This if from the Colecovision. This was one of the competitors of the Atari and had advanced graphics, and better arcade conversions, which were a big thing at the time. It would have been extremely successful if Atari hadn't caused the video game crash of 1983. Fore two years, video games on consoles were neglected, and no games were made for them. Then in 1985, the unthinkable happened.
After two years of nothing, the NES brought back the gaming community after the crash, and featured near-perfect arcade conversions, had amazing games like duck hunt (above), introduced the world tho super Mario, and blew the competition out of the water. It started the 8-bit era for consoles, and for many is the best console of all time.
The Sega Mega Drive, released in 1989, it marked the start 16-bit era. Soon in 1990, the Super Nintendo was released by nintendo and featured more bright colourful graphics but sacrificed speed for this. The mega drive was the most popular 16-bit machine, and outsold the super nintendo.
The super nintendo also marked another important milestone for gaming. It was the first home console that was able to display 3D graphics with the use of the Super FX chip. The first game to use this feature was star fox, pictured above. The FX chip was upgraded into the FX chip 2, and was only used in Doom, a popular pc game at the time.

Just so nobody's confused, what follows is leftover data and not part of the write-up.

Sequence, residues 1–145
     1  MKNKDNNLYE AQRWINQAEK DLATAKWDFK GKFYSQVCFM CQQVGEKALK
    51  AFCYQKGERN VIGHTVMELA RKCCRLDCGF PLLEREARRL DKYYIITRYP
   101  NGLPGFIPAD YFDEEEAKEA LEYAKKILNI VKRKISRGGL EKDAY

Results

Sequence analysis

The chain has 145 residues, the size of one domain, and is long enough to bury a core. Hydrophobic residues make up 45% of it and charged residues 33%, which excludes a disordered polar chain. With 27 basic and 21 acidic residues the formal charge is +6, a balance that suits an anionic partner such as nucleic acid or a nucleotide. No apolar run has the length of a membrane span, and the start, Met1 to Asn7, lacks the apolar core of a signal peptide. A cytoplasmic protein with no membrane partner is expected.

The PS1 was released in 1994 and marked the start of pure 3d gaming. It was 32-bit and outsold it's competitors, the Sega Saturn, which was just as powerful, and the Nintendo 64, which was 64-bit. It also used CD technology which cold store more memory, so the games were bigger and better than the N64's games. Many games that were planned for the N64, like Final Fantasy 7 (above), Grand Theft Auto, Metal Gear Solid and many more were instead made for the ps1 because it was more powerful, and had more memory than the N64's cartridges.
This is the N64. It still used cartridges even though the more powerful CD technology was around, and because of this had little 3rd party support. It was seen as a children's console unlike the PS1, which was seen as a cool adults console. It marked the beginning of Nintendo's end.
In 2006, The Xbox 360, PS3 and Nintendo Wii were released to he public. the Wii did extremely well, because of it's ground breaking motion controls. We have no idea how many bits these have.
Before you say we took a picture of real life, this is what video games have come to. They look breathtaking, with the amount of power they have now, and feature amazing gameplay, even if it is nowhere near as good as retro games.